Almost 18 months ago, we entered into a covenant of redevelopment. This congregation committed to work together, with your pastor/redeveloper, the redevelopment team and the synod in order to re-engage in God’s mission for us in this part of the world. Looking at this upcoming milestone, I share a reflection from March 2018 before we signed our covenant. How have you seen bits of renewal in our congregation? How have you engaged in your own spiritual renewal?
I invite you to take time to review our covenant and consider your role in it.
“Change is hard.” ...from the Preamble to the Redevelopment Covenant Change is hard. Such a simple statement that we all know is true, so it seems pointless to acknowledge that in our covenant. If change is hard, why would we want to do that? Redevelopment as a congregation is more than just trying to get more people to join Risen Lord or to get members to be more active or to give more money. If redevelopment was simply trying to get more people, we would just implement a new marketing strategy. If redevelopment was about trying to get members to be more active, we would ask members what they wanted and create new and better program. If redevelopment were just about money, we would be looking for new ways to fundraise or business ventures to increase our income. Redevelopment hopes to increase involvement, include new people and inspire giving, but redevelopment is so much more. It is a commitment to spiritual renewal, both individually and congregationally. It is about creating disciples who seek to follow God in all aspect of their lives. It is focusing on God’s vision for our congregation. It is about joining God’s work in our community. It is about changing the world. And this is hard. It will require all of us to change and, as we know, change is hard. So why do it? Why go to the trouble? When I look around at the world, it is too easy to become quickly overwhelmed by all that is wrong. Loneliness. Poverty. Fear. Division. Racism. Drugs. Unemployment. Violence. Habitat destruction. Marginalization. Lack of purpose. Deforestation. Mental illness. Broken relationships. Illiteracy. Self-obsession. I know that this is not what God has intended for our world. When we hear the story of creation, God looks at each new thing and says, “It is good.” Many things in world today are not. In Jesus’ death and resurrection, God has redeemed all people and all things. Jesus is the first sign of the restoration that God longs to bring to the world and we are invited to be part of that. Redevelopment is our opportunity to join God in the restoration of the world. It is the time when we make a commitment, proclaiming that our lives have been transformed by Jesus Christ and declaring our intention to share that Good News with others.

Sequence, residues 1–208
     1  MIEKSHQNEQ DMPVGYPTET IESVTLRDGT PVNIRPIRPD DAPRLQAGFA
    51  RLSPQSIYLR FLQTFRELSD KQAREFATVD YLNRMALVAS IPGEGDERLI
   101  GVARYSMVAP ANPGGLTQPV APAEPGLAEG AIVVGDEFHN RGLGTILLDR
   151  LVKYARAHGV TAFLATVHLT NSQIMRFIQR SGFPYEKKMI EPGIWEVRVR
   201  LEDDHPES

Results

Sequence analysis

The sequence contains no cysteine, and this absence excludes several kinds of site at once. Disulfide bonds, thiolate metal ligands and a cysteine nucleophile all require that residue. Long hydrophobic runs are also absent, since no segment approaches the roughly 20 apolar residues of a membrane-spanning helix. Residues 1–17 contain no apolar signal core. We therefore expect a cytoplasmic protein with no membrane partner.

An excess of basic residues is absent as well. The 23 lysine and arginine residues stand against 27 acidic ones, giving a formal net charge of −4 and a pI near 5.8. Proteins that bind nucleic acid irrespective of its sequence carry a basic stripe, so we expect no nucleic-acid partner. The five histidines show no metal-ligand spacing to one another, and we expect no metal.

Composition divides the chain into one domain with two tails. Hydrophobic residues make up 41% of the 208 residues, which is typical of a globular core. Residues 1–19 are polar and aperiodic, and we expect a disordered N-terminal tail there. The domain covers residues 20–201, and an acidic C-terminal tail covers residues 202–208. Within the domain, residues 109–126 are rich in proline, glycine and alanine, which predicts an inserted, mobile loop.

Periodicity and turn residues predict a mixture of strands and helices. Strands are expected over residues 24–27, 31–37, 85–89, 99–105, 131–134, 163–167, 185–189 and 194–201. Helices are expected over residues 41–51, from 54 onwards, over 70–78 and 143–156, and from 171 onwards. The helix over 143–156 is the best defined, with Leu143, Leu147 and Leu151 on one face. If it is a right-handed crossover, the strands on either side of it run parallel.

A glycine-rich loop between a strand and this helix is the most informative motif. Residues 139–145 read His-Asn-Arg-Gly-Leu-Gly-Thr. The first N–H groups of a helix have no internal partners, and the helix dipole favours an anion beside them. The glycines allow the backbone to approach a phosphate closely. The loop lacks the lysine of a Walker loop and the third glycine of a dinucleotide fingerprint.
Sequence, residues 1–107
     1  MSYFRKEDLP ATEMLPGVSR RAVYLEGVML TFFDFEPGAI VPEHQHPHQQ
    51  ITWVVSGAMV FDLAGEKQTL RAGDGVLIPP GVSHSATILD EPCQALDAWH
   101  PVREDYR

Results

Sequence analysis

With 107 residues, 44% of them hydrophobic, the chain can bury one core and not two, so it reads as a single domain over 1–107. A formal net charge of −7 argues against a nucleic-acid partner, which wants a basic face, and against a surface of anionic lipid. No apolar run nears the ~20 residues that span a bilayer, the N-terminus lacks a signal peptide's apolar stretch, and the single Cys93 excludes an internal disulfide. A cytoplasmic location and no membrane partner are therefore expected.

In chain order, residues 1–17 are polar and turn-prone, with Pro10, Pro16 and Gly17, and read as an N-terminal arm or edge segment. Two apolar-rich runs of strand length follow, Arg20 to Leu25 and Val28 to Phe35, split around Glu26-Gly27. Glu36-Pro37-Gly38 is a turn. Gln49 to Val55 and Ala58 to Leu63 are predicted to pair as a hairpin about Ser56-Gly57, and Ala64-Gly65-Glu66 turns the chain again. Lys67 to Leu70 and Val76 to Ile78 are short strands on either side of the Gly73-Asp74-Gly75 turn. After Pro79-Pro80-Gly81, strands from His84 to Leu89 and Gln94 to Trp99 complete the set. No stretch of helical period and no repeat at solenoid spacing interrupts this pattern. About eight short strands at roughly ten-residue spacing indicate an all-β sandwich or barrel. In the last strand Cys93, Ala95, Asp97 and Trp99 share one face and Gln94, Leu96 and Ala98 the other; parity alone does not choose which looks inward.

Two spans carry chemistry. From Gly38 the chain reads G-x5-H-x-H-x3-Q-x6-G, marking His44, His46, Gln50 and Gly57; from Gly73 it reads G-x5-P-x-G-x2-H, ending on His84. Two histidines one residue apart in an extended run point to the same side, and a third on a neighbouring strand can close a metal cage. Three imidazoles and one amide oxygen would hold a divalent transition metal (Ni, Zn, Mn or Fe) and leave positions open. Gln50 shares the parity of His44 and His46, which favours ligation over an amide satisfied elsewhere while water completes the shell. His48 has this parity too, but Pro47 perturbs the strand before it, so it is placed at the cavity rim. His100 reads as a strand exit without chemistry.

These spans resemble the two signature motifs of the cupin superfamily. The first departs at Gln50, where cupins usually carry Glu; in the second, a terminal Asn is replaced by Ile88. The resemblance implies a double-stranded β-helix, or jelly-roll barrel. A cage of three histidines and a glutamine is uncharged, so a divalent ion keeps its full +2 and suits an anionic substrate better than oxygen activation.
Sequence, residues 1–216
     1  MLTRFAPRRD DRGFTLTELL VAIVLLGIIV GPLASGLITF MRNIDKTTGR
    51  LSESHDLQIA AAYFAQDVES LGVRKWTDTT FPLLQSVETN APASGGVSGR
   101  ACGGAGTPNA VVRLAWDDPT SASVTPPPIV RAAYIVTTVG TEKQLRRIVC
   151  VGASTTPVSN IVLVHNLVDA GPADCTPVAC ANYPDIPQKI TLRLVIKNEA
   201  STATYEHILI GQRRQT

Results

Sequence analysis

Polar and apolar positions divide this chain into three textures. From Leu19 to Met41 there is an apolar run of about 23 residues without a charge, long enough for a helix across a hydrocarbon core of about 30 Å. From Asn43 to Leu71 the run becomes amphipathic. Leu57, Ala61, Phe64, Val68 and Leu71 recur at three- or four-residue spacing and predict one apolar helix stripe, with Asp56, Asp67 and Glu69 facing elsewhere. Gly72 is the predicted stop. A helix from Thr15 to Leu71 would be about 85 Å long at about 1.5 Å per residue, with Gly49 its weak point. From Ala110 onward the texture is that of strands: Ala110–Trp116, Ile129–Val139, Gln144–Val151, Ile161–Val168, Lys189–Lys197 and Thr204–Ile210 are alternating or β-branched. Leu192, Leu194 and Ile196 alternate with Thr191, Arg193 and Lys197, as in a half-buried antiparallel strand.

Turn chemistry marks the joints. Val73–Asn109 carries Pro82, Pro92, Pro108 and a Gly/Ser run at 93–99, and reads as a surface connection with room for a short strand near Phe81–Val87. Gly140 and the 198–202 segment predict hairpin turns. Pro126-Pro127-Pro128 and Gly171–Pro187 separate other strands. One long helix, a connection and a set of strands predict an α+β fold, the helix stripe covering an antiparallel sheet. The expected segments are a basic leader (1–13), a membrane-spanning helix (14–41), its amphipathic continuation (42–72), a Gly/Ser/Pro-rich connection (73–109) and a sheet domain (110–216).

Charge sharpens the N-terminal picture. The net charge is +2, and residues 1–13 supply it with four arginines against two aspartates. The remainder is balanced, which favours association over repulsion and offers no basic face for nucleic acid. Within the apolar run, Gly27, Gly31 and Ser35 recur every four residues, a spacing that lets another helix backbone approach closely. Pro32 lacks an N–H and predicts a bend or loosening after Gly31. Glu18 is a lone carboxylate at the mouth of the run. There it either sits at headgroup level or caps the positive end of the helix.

We continue to live into the covenant together, asking how we are called to bear Christ’s good news to the world so that others may be transformed as we have been. In the abiding hope of the Risen Lord, Pastor Lecia